Oyzo, the ships dog.

Motor Launches in the English Channel.

6.4.1946. We swept the US Missouri into Phaleron Bay. The USA Battleship, USS Missouri was chosen as the ship where the formal surrender of Japan took place.

Sweeping duties in the North Adriatic Sea including clearing Pola harbour of magnetic mines.

2.5.1946 I was appointed First Lieutenant – No.1. (Note: On 6.8.1946 Willie was demobbed and replaced by Lieut. Brigstocke RN.)

In 1946 I left BYMS 2141 and travelled by train across Europe to Calais and by ship to England, being finally released from the Royal Navy on 9.1.1947. War gratuity -£49.16.6d  

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Lieutenant Colin Rosenberg

Orpesa  float on the stern of a British Yard Mine Sweeper.

And finally, at the end of a long, hard, dangerous day.

I was promoted to Sub-Lieutenant and sailed to Immingham to join the Minesweeping task force destined for Germany.

The day following VE Day (Victory in Europe) HMML 212 arrived off Cuxhaven and swept for mines into the harbour. The boats of the 15th ML Flotilla were the first naval vessels into Germany. We then carried out sweeping duties from Cuxhaven up to Hamburg. 

5, BYMS 2141 Crew. 

On the 23rd April 1944 I was transferred to RNB Portsmouth on a Divisional Officers course – billeted at Royal Pier Hotel, Southsea. From here I was sent on a Gunnery course and to HMS Vernon, Brighton for a Torpedo course. 
On the 27.5.1944  I transferred to HMS St. Christopher, Grand Hotel, Fort William, Scotland for coastal forces training.

23.7.1944  I was appointed 3rd Officer to HMML 212, 15th ML Flotilla - CO. Gordon (Gerry) T. Holden, Number 1 Gerald Davies, based in Portland Harbour, Dorset where we carried out coastal and cross channel escort duty (Including entering Cherbourg Harbour after its capture by the Americans). 

28.11.1945 I was transferred to BYMS 2141, as Navigating Officer - C.O. H.R (Willie) Walker D.S.C., No.1 Colin E. (Butch) Smith, and sailed for Plymouth where, after a week-end leave, sailed on to the Mediterranean calling at Lisbon, Gibraltar and Malta, before arriving in Piraeus where we joined the 162nd Minesweeping Flotilla. BYMS 2141 spent some five months sweeping in the Saronic Gulf including Salamis Bay and Aegina Island.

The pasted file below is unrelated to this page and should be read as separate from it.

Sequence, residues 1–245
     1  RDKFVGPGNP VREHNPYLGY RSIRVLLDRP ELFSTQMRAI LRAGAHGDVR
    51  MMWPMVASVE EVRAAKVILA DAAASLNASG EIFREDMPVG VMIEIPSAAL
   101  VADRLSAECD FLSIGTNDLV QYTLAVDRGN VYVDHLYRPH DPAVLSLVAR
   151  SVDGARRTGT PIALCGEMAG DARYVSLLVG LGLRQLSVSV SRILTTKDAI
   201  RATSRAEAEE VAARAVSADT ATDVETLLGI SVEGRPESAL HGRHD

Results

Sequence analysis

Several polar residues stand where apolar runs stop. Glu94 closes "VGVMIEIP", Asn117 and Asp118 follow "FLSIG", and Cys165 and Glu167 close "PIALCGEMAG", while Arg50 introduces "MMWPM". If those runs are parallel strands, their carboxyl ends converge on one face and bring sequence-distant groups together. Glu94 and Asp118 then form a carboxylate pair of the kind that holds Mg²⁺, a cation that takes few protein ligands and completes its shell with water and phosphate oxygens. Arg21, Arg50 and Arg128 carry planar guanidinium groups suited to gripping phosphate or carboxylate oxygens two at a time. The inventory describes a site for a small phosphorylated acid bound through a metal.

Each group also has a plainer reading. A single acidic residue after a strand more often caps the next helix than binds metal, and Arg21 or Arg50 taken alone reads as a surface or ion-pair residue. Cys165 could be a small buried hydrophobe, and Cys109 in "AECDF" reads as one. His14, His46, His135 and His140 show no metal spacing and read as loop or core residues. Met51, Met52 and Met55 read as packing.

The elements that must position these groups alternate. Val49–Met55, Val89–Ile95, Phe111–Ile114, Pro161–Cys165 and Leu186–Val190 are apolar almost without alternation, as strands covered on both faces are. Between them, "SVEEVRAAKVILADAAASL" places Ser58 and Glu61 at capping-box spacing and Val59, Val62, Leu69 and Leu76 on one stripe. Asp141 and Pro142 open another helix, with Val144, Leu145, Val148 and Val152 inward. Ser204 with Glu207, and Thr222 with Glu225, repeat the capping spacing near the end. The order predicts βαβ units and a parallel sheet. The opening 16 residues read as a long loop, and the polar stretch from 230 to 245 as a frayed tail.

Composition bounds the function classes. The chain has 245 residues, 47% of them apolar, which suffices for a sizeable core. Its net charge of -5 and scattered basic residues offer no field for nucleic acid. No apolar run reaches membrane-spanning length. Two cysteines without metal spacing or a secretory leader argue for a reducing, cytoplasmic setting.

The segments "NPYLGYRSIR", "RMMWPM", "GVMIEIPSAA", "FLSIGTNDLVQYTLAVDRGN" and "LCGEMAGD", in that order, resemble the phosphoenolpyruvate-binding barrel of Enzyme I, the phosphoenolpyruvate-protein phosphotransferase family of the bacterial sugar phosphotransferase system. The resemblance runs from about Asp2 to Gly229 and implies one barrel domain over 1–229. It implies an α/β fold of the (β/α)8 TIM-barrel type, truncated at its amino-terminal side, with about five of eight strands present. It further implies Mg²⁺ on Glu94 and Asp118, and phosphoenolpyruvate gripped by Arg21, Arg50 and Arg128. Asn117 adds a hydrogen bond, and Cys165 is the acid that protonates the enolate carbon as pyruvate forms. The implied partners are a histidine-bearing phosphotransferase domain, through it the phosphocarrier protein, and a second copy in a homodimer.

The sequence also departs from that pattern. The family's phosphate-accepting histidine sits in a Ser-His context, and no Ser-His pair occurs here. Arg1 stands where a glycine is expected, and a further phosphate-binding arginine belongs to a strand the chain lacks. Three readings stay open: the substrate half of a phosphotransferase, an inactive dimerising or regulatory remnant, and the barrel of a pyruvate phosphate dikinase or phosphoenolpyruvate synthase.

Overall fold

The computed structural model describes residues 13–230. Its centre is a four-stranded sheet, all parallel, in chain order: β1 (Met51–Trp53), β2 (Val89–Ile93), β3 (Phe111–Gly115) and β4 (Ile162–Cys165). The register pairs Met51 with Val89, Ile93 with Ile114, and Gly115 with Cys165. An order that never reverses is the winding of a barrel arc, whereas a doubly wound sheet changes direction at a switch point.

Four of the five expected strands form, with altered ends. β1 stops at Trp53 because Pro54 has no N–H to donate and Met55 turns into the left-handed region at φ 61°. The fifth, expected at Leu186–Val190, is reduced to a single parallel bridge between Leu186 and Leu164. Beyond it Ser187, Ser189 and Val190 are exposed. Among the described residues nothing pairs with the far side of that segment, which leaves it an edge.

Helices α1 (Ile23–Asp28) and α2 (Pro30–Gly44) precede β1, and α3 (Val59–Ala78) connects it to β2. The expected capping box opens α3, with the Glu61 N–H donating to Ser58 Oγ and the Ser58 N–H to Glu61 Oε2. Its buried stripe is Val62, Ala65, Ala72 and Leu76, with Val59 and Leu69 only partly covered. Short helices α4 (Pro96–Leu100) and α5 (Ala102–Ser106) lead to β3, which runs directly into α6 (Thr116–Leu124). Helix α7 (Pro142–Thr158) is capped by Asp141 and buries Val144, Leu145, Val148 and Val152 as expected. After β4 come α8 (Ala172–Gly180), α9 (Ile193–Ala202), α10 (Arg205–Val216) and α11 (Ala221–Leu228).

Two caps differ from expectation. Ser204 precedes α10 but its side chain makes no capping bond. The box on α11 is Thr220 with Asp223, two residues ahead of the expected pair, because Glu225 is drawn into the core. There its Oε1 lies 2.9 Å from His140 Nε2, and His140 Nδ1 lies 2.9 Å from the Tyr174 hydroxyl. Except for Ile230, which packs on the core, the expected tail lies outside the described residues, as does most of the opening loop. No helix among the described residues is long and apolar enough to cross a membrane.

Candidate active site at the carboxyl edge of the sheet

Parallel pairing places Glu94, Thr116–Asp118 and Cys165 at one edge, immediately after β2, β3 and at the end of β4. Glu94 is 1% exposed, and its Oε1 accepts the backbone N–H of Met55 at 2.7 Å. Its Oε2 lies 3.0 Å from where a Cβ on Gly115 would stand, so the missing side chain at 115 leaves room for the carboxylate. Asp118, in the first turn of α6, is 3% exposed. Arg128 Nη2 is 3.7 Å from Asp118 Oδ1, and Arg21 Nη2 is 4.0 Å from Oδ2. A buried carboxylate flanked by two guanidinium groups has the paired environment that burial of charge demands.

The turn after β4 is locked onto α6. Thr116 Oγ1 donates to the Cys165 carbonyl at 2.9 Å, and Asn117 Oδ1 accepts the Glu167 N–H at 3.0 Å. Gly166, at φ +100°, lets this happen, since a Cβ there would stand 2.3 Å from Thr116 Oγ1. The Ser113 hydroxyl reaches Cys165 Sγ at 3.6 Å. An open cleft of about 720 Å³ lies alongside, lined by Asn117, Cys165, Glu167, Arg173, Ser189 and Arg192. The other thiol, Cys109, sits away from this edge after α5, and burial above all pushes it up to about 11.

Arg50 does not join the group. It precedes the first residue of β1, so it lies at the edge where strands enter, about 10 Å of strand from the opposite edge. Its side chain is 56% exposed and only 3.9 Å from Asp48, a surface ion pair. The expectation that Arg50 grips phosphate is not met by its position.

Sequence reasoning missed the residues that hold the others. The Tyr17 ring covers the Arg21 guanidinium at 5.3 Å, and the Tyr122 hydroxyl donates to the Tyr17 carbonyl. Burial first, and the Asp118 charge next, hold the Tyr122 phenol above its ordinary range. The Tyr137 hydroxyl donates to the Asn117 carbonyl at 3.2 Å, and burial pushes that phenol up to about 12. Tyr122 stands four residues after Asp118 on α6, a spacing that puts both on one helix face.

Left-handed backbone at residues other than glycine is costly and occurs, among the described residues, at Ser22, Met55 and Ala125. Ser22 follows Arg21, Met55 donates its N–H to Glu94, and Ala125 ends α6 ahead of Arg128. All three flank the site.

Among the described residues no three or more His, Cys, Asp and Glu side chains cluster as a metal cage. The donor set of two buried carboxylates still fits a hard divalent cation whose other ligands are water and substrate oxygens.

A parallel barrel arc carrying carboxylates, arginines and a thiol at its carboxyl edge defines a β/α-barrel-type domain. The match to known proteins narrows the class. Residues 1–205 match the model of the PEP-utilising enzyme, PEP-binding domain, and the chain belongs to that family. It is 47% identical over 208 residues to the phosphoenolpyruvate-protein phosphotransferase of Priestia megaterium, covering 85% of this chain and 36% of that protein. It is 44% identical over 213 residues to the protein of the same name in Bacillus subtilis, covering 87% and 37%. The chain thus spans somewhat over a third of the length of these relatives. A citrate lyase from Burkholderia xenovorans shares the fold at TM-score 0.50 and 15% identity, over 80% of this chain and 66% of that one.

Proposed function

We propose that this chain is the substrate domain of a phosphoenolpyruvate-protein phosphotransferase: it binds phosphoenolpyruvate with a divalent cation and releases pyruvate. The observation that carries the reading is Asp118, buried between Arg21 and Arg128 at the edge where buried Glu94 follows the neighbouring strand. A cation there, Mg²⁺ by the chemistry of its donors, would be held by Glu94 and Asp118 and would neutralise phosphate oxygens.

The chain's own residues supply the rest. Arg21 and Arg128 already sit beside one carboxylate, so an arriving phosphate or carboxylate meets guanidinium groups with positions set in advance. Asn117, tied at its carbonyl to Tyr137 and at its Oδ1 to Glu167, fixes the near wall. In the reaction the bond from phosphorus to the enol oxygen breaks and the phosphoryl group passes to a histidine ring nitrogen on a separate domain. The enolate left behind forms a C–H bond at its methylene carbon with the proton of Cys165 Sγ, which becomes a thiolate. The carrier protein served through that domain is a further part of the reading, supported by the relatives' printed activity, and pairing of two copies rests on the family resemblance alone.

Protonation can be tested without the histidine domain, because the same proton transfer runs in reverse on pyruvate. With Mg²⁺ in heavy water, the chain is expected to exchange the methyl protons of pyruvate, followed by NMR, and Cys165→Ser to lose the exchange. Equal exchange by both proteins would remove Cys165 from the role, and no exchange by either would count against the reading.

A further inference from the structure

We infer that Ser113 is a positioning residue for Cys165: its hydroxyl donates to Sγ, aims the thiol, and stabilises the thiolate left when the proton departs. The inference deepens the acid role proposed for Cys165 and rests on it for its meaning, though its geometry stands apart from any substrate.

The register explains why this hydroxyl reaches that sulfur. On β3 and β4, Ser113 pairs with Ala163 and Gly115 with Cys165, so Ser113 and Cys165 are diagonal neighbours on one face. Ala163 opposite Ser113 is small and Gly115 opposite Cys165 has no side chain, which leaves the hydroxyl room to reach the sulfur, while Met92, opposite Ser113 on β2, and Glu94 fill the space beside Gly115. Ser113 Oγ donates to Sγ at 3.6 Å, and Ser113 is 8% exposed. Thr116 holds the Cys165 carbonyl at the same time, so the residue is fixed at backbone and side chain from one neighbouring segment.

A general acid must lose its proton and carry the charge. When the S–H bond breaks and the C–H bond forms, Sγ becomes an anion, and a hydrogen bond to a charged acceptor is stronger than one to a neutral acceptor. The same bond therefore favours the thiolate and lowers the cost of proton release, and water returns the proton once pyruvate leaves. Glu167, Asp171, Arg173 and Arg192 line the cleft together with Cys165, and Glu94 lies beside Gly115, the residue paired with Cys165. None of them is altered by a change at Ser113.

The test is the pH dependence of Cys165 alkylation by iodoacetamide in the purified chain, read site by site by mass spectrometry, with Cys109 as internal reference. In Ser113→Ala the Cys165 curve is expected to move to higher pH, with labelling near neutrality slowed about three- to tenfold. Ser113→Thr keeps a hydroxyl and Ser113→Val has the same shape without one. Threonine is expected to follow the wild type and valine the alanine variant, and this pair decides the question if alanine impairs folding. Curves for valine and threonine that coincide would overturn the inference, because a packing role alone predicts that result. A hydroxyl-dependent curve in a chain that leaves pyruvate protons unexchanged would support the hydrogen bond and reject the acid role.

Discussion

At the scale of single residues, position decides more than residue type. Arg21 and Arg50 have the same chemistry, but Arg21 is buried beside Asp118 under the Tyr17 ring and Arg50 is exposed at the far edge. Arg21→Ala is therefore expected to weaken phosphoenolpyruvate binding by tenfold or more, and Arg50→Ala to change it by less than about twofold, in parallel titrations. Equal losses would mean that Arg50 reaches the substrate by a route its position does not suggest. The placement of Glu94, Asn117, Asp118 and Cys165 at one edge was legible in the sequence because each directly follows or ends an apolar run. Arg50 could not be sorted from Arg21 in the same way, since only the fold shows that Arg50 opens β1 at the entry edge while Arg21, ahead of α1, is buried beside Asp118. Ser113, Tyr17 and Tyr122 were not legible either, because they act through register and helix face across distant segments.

Relaxing on the beach, Lieutenant Colin Rosenberg in the front 

Sweeps out!

A swim in the sea. Lieutenant Colin Rosenberg at the back.

Navigating on board BYMS 2141. (No sat-nav back then!)

2, BYMS 2141 Crew. 

The following photographs are from Lieutenant Colin Rosenberg's collection. If you recognize anyone, please let us know.

Lieutenant Colin Rosenberg enjoying a well earned drink, for although the war was over, the men of the minesweepers risked their lives daily clearing enemy minefields.

Photographs and information by kind permission of  Lieutenant Colin Rosenberg's son, John Rowe.

On 17.8.1943, not yet 18, after an interview at the Board of the Admiralty, I was put on the unpaid reserve of the Royal Navy and instructed to report for service for initial navy training at HMS Collingwood, Fareham, Hampshire under the “Y” entry scheme for potential commissioned officers. My rank was Ordinary Seaman No. JX 624512. My pay was 3 shillings (15 pence in today’s terms) a day. 

British Yard Minesweeper, BYMS 2141.

On the 16.9.1944  HMML 212 sailed to Harwich on the East Coast to fit minesweeping gear. 

HMML 212  swept for mines off Ostend until ordered to sweep the channel to Flushing, Zeebrugge and in to the Scheldt with fighting still going on in Walcheren. 

4, BYMS 2141 Crew. 

3, BYMS 2141 Crew relaxing after a swim. 

6, BYMS 2141 Officers/Crew. 

BYMS 2141

Lieutenant Colin Rosenberg's story.

1, BYMS 2141 Officer. 

9,  BYMS 2141 Crew. 

Orpesa float in the sea.

Clearing the Scheldt and opening up the port of Antwerp was the biggest, most complex and dangerous minesweeping operation of World War Two.

Motor Launches with their shallower drafts led the way. There were 2 flotillas of Motor Launches of the 15th and 19th Flotillas equipped with Orpesa sweeps, sweeping for contact mines followed by British Yard Mine Sweepers and Motor Mine Sweepers. There was also four Dutch MMS Flotilla’s, 102nd , 110th , 139th , and 140th, equipped with magnetic sweeps 

It was though that Motor Launches with their shallow draft would sail over the top of the tethered contact mines. Motor Launches were the first Allied vessels to arrive at Antwerp.

On the 11th November 1943 I was drafted to HMS Corinthian, an armed merchant cruiser based at Rosythe in Scotland, as an officer cadet for sea-going training.

In January 1944 I reported to HMS King Alfred (III), Mowden School, Hove, Sussex to continue Officer training. I  passed the various exams and selection process and  was appointed Temporary Midshipman RNVR. My pay rose to 6 shillings and ten pence a day - £10 per month! 

7, BYMS 2141 Crew. 

8, BYMS 2141 Crew.